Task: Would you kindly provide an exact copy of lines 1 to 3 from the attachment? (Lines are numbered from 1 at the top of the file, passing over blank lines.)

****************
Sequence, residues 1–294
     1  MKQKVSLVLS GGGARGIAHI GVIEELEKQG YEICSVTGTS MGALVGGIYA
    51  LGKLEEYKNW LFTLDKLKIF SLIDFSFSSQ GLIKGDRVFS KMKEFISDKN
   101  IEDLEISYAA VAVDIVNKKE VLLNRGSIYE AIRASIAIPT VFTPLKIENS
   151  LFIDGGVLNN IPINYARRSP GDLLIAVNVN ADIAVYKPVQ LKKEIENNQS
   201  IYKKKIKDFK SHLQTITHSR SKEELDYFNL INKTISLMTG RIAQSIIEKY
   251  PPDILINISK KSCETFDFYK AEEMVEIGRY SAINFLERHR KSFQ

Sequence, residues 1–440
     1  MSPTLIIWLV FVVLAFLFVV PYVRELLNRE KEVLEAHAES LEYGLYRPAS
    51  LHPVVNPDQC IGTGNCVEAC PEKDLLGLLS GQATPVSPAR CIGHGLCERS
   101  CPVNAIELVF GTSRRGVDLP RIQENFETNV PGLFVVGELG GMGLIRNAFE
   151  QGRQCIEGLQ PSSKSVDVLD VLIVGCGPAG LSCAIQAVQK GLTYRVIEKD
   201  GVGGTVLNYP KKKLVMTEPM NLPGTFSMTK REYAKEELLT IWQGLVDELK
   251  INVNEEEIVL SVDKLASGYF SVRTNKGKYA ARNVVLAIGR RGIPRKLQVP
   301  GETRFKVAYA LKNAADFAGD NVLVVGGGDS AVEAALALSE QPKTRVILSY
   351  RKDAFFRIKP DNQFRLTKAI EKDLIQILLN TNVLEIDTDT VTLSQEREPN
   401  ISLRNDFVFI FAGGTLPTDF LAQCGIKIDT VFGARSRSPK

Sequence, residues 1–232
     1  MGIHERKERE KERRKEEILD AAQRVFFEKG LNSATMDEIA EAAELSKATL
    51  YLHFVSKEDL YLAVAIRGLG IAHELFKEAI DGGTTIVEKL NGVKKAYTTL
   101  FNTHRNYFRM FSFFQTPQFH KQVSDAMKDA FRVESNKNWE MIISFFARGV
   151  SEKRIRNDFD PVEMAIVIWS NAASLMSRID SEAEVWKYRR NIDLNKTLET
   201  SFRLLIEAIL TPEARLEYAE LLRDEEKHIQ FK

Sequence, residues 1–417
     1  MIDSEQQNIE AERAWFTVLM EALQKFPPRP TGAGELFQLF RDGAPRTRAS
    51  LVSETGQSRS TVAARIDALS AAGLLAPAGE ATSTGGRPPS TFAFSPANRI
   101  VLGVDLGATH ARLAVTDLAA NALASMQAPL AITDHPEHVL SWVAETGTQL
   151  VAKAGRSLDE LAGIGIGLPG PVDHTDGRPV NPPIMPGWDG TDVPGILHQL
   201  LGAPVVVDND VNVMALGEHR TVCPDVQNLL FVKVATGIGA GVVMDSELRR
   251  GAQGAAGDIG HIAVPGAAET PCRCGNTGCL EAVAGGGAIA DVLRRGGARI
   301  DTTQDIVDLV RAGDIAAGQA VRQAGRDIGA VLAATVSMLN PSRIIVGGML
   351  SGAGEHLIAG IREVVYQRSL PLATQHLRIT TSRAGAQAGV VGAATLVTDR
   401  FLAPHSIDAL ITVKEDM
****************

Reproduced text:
Sequence, residues 1–294
     1  MKQKVSLVLS GGGARGIAHI GVIEELEKQG YEICSVTGTS MGALVGGIYA
    51  LGKLEEYKNW LFTLDKLKIF SLIDFSFSSQ GLIKGDRVFS KMKEFISDKN